- Story Highlights
- Nancy Eason and her husband were checking on others when the tree fell on their car.
- It was one of at least three deaths in Georgia blamed on Tropical Storm Irma.
A woman killed Monday when a tree fell on a vehicle in a Forsyth County driveway was the wife of a former Cumming police chief, officials said.
Nancy and Mike Eason were checking on relatives during Tropical Storm Irma when a tree crashed on their car in a private driveway near Shadburn Road, Deputy Doug Rainwater with the Forsyth County Sheriff’s Office said in a news release Tuesday.
“This was during the height of some of the worst weather we were experiencing (Monday) afternoon,” Forsyth County fire Chief Jason Shivers told Channel 2 Action News. “The winds had picked up and were gusting very, very strongly.”
Nancy Eason, 57, was in the passenger seat at the time of the deadly accident. It was one of at least three deaths in Georgia blamed on Irma, a devastating system that left more than 1 million customers in the state without power.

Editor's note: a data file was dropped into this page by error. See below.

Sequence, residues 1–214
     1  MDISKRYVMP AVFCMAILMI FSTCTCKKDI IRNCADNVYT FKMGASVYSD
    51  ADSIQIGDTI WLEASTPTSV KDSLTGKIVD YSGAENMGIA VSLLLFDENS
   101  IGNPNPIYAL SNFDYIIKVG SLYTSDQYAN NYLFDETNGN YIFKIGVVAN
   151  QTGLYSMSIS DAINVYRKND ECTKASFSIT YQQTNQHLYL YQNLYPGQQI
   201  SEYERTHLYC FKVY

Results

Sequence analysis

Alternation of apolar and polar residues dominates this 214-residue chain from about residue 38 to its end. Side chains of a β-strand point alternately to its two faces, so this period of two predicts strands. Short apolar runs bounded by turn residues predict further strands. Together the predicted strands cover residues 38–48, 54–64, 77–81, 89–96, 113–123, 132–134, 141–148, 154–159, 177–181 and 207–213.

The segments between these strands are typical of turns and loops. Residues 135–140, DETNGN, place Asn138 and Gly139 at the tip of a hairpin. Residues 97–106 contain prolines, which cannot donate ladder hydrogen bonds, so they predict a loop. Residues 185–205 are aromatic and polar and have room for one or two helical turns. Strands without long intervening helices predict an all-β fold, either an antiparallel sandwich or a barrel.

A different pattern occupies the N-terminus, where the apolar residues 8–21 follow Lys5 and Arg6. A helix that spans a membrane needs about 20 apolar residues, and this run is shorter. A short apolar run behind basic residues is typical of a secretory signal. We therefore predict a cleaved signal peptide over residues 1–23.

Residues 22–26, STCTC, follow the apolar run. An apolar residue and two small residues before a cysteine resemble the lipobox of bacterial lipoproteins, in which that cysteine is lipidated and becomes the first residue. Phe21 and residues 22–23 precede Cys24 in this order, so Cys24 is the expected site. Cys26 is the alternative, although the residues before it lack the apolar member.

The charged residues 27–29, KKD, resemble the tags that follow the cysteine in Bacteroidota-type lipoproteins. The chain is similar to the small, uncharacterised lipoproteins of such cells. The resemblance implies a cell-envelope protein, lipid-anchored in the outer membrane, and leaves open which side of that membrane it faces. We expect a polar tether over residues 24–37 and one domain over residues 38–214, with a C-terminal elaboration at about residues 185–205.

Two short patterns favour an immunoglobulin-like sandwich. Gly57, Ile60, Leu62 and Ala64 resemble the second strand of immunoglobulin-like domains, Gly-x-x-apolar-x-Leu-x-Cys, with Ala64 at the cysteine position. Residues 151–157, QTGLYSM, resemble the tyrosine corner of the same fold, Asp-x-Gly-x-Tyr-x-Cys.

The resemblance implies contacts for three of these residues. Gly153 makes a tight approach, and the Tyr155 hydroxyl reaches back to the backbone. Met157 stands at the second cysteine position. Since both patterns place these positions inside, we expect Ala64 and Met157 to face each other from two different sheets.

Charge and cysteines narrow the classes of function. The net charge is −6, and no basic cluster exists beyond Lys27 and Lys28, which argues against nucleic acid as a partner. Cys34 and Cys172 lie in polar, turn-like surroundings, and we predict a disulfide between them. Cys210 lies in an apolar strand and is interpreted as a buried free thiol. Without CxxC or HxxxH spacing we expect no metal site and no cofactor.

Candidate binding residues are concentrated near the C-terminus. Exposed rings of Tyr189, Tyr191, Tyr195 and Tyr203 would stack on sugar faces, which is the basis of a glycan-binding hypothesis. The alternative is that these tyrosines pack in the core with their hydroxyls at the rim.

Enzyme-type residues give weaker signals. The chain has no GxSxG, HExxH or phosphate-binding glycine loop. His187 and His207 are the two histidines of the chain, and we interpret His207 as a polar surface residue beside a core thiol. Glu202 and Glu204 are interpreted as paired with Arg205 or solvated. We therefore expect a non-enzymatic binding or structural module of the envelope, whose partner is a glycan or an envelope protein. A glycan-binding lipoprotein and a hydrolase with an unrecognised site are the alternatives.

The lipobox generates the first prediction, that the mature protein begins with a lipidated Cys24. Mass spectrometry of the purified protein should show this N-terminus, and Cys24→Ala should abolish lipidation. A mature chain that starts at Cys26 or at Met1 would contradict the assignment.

Mike Eason was driving. He suffered only minor injuries, Rainwater said.
Mike Eason was named Cumming’s police chief in 2005 and served in that capacity until 2009. Prior to that, he worked for 31 years with the GBI.
During the 1996 Olympics, he served as state coordinator for thousands of visiting police from local, state and military departments.
Mike Eason also directed state police at the 1988 Democratic National Convention in Atlanta and consulted for the Australian police before the 2000 Games in Sydney.
Nancy Eason was a retired court reporter who worked for both the Forsyth and Cherokee judicial systems for many years, Rainwater said.
“The entire Forsyth County community is mourning the loss of this special lady,” Rainwater said.
In a statement, the Cumming Police Department described Nancy Eason as “a wonderful lady with a kind, giving heart and a friend to many. This is a huge loss to our community. Her family is in our thoughts and prayers.”
— Information from The Atlanta Journal-Constitution’s archives was used in this article.